This week there were several bits and pieces in the material that contributed to a more vivid picture of the setting and circumstances of Paul and his work. So much of my mental picture built up over years of study has been built around what Paul exhorts his subjects to do in the actual text, especially in small passages linked together by a particular argument. The identification of an overall theme in a book has also been part of that picture. Both the study of the Corinthian letters and Fredriksen’s chapter 3 have added texture and nuance to my approach to this material.

For one, I had never considered if Paul was overall successful in Corinth. The story told of Christianity is largely of its rapid growth and acceptance, and subsequent influence on the world. Paul must have been successful wherever he went because Christianity was successful, right? The possibility that he was not had never really been on the table for me.

Furthermore, this is the Apostle Paul, hand picked by Christ to be his emissary to the “Nations.” Who could question his credentials or otherwise consider him to be less persuasive than these so-called “super-apostles?” I’ve been told by an evangelist before that the Word of God is all the power that is needed to persuade men, yet here is Paul struggling to hold on to an ecclesia with whom he spent at least 18 months. The hearts of men, as it turns out, were just as fickle and easily persuaded as they are today. What’s more, the Word is not a magical formula which by being spoken adjusts the priorities and perceptions of the hearers.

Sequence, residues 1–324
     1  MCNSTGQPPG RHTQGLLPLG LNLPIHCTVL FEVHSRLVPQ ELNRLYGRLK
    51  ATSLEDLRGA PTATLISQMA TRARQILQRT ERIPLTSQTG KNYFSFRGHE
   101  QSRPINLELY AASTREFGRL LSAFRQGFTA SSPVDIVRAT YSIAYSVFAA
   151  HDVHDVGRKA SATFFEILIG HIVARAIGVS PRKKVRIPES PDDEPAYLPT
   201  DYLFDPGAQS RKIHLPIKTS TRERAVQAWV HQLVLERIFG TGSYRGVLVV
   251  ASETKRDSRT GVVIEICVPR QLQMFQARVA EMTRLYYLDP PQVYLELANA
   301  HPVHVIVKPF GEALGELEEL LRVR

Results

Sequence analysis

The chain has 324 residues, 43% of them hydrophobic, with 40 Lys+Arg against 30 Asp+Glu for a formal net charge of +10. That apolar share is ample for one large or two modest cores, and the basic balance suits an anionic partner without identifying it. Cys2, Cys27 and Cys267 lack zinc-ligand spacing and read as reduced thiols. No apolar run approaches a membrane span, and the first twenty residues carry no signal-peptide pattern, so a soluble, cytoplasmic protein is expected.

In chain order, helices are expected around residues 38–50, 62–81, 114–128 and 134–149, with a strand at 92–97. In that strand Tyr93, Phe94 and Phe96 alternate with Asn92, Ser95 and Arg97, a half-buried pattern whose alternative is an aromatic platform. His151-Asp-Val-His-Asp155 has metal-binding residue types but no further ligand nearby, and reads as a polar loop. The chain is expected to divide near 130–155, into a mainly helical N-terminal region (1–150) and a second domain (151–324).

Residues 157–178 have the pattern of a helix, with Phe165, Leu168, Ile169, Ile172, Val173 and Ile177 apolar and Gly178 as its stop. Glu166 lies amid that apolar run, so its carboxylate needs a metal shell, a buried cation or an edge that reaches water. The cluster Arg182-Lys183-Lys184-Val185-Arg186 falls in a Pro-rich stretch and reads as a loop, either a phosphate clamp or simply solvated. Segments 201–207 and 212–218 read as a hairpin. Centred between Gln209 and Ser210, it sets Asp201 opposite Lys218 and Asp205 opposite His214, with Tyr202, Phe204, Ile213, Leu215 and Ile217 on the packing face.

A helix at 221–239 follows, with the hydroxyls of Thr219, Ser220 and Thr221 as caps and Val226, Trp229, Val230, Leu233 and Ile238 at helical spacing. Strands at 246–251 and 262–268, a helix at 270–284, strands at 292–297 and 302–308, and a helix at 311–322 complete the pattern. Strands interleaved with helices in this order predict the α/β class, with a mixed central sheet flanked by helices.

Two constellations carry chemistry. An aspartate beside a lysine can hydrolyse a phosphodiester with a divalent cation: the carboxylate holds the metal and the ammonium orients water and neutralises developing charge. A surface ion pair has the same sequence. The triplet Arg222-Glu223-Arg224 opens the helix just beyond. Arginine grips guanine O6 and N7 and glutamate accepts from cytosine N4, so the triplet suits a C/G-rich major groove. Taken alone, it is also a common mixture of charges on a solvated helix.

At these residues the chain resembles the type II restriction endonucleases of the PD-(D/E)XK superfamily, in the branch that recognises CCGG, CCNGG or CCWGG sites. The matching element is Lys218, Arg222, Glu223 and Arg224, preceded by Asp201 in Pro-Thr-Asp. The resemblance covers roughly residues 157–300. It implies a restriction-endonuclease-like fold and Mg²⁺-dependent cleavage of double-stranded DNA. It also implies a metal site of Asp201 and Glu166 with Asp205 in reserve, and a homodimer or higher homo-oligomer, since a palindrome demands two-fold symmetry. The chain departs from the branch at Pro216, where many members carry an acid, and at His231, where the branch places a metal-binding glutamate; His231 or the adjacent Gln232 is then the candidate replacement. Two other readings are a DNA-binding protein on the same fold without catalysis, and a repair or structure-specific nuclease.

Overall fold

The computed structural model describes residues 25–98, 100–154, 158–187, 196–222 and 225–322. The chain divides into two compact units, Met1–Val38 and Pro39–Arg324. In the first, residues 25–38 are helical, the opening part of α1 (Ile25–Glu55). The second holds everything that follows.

The first significant observation from reading Fredriksen this week was the realization that we know so much of Paul from Acts. This is, of course, highlighted because she is approaching her topic from the academic vector, wherein sources have different values baked into people and circumstances from which they were produced. If you erased what we know of Paul because of Acts, you might certainly arrive at a different picture.

And finally, yet again we’re weaving a context together of how Jews and pagans were interacting in the Greco-Roman world of the NT. Most interesting to me, Fredriksen suggests that we put to bed the idea that Jews viewed a crucified Messiah as a scandal because of a perception that crucifixion was a curse from God. Pair that with a Jewish community that had at least two categories for pagans in-mixing (proselyte and god-fearer) and the idea that Jews were distinctly separated from their contemporaries very quickly starts to fade away. It turns out it’s the pagan and Christian culture that is at such odds.